Writers: Devised by the cast; scripted by Rochi Rampal
Music: Sheema Mukherjee
Directors: Steve Johnstone and Frances Land
Reviewer: Selwyn Knight
The Public Reviews Rating:
Birmingham Rep’s ongoing peregrination during its redevelopment to be part of the new Library of Birmingham continues. For Eat! in association with Black Country Touring, it descends upon the Roundhouse, to perform in a small courtyard and four caravans.
Over the last year, a team of ten researchers has scoured Birmingham and the Black Country, interviewing locals about their experiences of food. These stories have been moulded by the cast to form an evening of entertainment, not for, but of, the community. It was with a sense of some trepidation that my companion and I picked our way over cobbles and under arches to find our way into the courtyard with a makeshift stage under an arch surrounded by four caravans. In each caravan, about a dozen audience members are taken on journeys relating to food. These are punctuated by musical interludes back in the courtyard with the cast, who also sing, dance and play instruments, and a community choir.
After each interlude, we are led by our guides to the next caravan on our journeys. These are touring caravans and hardly roomy, but the set designs from a team led by Purvin mean that we fit comfortably. In such tight spaces, it is quite impossible not to interact with the performers, so audience members have cast members seated on their laps, find themselves used as characters in stories, or even help prepare salads.
The first I visited is a veritable Aladdin’s Cave, doubling as a food bank, allotment shed and dark forest. It includes stories of how food and the kindness of others enabled two misfits to go on a journey through dark times and out the other side. Vimal Korpal and Katerina Demetraki tell their stories through fairy tales, although the real world has a habit of butting in as locals, down on their luck, call to receive donations of food. In another van, food and its use in celebrations is itself celebrated as we hear of the six weddings of Nia Davies’ character, all to husbands from countries with different culinary traditions, told with an unmistakeable zest for life. Even here, though, a dark period of the past is waiting to bubble to the surface. In a third, beatboxer Sharanjit Bansil and Alice Castillo present a surreal selection of stories and music. My favourite, however, is the tale of war, famine and ethnic cleansing told with quiet dignity and power by Graeme Rose. This is engaging, thought-provoking and genuinely moving.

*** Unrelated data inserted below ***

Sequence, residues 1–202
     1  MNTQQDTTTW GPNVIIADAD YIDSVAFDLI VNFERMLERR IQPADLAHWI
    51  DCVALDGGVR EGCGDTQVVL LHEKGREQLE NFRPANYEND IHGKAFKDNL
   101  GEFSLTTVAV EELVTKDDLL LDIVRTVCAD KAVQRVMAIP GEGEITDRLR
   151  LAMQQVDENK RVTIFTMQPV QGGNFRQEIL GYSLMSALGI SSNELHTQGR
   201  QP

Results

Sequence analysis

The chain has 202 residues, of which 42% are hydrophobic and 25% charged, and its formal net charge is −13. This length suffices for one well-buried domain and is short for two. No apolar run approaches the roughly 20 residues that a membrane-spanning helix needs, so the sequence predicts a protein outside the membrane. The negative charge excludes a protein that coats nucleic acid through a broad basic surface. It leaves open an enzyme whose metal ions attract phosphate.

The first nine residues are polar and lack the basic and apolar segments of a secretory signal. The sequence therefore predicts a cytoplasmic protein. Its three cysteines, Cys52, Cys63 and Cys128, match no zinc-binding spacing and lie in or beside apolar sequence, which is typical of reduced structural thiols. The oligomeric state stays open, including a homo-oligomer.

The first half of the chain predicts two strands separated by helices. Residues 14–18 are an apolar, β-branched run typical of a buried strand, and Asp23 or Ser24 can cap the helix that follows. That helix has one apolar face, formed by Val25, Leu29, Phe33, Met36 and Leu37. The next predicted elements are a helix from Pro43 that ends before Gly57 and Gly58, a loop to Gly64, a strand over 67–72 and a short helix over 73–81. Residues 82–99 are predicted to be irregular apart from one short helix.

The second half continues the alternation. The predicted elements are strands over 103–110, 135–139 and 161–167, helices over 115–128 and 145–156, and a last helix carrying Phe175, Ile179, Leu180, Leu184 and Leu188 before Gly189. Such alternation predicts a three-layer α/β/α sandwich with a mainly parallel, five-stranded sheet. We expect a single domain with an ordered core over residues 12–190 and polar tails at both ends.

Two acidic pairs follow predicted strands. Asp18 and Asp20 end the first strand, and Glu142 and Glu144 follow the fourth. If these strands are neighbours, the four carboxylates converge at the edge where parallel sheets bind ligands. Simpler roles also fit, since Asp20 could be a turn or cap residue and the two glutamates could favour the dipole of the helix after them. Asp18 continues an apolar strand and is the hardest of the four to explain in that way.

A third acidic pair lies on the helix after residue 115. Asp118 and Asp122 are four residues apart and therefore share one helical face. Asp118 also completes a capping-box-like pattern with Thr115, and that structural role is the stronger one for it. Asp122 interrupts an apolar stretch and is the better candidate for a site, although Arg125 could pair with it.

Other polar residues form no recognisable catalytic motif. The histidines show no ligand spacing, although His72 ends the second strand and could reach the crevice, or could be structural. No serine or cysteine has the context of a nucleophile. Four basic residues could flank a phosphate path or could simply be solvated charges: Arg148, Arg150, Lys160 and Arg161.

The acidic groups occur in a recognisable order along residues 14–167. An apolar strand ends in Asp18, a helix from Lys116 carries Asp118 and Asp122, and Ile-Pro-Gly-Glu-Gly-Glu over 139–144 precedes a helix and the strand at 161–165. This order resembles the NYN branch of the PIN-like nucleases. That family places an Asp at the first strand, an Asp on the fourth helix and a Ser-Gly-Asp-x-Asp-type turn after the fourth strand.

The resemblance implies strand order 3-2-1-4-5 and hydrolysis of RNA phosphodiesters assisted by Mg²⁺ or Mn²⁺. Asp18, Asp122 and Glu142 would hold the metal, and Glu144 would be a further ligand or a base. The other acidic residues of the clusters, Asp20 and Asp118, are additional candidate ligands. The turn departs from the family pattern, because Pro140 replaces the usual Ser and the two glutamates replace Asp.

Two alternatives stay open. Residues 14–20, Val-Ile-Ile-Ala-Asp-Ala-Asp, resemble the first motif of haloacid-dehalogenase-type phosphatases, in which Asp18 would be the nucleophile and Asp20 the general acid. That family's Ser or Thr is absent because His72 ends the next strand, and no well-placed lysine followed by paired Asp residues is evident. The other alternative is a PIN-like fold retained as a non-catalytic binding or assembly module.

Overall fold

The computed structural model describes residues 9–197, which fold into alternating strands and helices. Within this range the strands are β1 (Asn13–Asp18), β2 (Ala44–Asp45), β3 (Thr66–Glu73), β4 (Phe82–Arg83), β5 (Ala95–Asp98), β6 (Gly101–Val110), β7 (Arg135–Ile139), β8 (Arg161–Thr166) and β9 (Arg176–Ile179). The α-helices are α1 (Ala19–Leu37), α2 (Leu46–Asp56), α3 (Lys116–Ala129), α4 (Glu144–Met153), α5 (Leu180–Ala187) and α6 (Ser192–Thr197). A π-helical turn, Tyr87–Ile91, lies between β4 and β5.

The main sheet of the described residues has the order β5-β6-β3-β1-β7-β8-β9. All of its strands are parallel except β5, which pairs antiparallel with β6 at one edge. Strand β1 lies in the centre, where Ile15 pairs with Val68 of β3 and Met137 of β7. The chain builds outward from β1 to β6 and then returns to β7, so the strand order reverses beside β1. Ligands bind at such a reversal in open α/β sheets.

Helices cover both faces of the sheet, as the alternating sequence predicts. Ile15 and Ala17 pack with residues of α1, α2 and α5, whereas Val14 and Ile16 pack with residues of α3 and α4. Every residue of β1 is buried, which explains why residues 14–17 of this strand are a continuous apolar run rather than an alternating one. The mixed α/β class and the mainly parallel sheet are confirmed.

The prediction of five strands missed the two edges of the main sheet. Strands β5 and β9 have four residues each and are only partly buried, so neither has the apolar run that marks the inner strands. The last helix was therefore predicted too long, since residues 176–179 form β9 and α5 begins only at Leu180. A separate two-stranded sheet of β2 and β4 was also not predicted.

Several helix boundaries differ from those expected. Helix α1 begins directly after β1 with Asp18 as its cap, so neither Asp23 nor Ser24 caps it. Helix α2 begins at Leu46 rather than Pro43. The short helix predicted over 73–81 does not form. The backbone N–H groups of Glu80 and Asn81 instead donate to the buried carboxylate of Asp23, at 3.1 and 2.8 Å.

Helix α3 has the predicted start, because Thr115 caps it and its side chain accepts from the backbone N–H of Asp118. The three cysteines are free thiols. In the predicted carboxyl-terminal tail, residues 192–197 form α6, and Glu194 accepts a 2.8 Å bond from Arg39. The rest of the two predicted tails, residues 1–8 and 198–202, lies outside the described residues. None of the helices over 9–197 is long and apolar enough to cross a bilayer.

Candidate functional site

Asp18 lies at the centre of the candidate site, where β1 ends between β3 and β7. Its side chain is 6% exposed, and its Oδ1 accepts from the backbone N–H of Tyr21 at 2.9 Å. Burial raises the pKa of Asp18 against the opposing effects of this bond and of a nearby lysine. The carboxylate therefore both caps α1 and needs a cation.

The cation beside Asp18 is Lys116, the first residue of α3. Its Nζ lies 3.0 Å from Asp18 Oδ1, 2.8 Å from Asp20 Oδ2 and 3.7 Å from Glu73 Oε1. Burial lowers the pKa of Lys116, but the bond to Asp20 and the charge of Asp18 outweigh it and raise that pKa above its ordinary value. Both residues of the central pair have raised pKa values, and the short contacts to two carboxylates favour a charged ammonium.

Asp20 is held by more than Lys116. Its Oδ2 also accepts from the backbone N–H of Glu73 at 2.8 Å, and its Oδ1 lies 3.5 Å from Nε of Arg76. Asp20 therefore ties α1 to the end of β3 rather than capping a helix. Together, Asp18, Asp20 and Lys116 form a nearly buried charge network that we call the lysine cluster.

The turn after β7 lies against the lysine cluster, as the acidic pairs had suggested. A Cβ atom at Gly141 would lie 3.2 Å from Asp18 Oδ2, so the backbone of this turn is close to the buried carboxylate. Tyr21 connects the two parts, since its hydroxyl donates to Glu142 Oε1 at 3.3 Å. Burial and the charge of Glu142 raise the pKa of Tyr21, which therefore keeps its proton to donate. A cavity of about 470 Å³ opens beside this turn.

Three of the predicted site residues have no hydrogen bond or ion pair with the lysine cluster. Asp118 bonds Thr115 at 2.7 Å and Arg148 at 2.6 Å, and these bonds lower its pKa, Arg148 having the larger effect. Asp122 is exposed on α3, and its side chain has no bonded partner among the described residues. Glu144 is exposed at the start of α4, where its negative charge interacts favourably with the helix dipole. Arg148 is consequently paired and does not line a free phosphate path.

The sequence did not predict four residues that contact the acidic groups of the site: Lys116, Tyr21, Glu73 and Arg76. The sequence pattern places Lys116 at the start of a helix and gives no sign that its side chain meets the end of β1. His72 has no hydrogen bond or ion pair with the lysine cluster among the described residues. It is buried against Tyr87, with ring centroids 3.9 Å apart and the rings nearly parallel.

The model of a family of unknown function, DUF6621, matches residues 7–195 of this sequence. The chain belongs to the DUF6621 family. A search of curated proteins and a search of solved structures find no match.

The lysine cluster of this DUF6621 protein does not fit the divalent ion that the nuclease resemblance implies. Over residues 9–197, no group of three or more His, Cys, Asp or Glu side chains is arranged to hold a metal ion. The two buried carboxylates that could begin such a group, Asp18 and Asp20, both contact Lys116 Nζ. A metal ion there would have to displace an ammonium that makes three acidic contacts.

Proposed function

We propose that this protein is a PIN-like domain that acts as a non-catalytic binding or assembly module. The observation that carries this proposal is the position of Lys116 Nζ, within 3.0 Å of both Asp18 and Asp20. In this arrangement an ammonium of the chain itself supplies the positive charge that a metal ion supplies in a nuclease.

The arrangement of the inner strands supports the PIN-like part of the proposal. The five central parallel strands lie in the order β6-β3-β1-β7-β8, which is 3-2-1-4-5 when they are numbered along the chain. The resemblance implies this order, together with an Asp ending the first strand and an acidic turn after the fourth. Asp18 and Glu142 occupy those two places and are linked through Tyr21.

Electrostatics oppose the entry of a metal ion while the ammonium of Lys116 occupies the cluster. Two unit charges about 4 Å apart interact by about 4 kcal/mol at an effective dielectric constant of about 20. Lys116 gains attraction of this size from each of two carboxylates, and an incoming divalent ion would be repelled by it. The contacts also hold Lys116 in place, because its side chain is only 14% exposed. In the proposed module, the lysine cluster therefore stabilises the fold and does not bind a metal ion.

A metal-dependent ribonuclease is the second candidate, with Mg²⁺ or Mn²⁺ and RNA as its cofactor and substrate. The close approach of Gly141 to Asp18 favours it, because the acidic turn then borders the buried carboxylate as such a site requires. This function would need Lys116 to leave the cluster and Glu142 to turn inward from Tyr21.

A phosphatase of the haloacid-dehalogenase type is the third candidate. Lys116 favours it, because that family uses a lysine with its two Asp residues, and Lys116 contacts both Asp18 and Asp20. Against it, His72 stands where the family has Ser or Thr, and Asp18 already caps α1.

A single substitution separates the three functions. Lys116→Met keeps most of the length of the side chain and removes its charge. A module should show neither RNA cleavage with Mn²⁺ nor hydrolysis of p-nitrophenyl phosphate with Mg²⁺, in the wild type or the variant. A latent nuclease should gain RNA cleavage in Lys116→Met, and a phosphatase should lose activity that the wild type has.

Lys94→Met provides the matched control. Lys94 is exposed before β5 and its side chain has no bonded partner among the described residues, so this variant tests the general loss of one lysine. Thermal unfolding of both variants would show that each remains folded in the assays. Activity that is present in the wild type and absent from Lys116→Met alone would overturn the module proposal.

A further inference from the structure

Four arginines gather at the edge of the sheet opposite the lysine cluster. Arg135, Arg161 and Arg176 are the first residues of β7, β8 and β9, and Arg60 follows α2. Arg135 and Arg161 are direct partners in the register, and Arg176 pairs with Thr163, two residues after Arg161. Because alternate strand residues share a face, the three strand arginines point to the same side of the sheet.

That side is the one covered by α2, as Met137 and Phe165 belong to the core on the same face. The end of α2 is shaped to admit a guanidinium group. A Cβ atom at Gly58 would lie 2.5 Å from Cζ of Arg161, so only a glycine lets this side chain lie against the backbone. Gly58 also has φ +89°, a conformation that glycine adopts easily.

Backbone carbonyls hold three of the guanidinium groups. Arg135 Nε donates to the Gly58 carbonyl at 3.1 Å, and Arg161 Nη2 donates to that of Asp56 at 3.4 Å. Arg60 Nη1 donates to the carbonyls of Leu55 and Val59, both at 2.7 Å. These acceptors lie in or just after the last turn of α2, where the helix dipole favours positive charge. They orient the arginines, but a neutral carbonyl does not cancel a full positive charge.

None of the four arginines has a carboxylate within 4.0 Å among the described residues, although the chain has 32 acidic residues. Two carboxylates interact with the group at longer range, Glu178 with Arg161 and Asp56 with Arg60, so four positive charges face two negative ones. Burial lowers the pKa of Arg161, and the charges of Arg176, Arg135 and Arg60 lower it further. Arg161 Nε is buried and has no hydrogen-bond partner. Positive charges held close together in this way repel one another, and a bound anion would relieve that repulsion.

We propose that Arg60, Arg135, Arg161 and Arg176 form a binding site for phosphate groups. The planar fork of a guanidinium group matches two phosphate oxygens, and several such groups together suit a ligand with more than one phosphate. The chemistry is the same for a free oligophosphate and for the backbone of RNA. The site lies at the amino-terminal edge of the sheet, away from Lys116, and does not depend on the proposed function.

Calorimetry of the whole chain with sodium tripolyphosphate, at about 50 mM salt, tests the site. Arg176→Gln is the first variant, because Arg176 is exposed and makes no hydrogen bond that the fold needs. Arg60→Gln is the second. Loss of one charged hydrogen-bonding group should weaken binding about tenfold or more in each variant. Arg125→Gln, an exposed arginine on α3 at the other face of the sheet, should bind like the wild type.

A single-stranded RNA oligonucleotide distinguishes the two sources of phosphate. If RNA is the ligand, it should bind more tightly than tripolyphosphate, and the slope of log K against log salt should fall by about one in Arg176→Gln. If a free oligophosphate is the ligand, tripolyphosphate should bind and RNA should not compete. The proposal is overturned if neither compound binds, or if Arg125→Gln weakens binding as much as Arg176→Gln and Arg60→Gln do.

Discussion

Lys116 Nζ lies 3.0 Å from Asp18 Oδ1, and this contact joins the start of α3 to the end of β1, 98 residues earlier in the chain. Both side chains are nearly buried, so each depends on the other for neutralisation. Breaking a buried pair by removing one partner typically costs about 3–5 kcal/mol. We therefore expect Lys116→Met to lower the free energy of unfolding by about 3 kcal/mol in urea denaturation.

As promised, an evening with plenty of food for thought tonight, well worth the effort to see.
Runs until 27 October 2012
Picture: Robert Day
Eat! - Birmingham Rep @ the Roundhouse,
Tags: Alice Castillo, Birmingham, Birmingham REP, Black Country Touring, Eat!, Frances Land, Graeme Rose, Katerina Demetraki, Nia Davies, Purvin, Rochi Rampal, Sharanjit Bansil, Sheema Mukherjee, Steve Johnstone, The Roundhouse, Vimal Korpal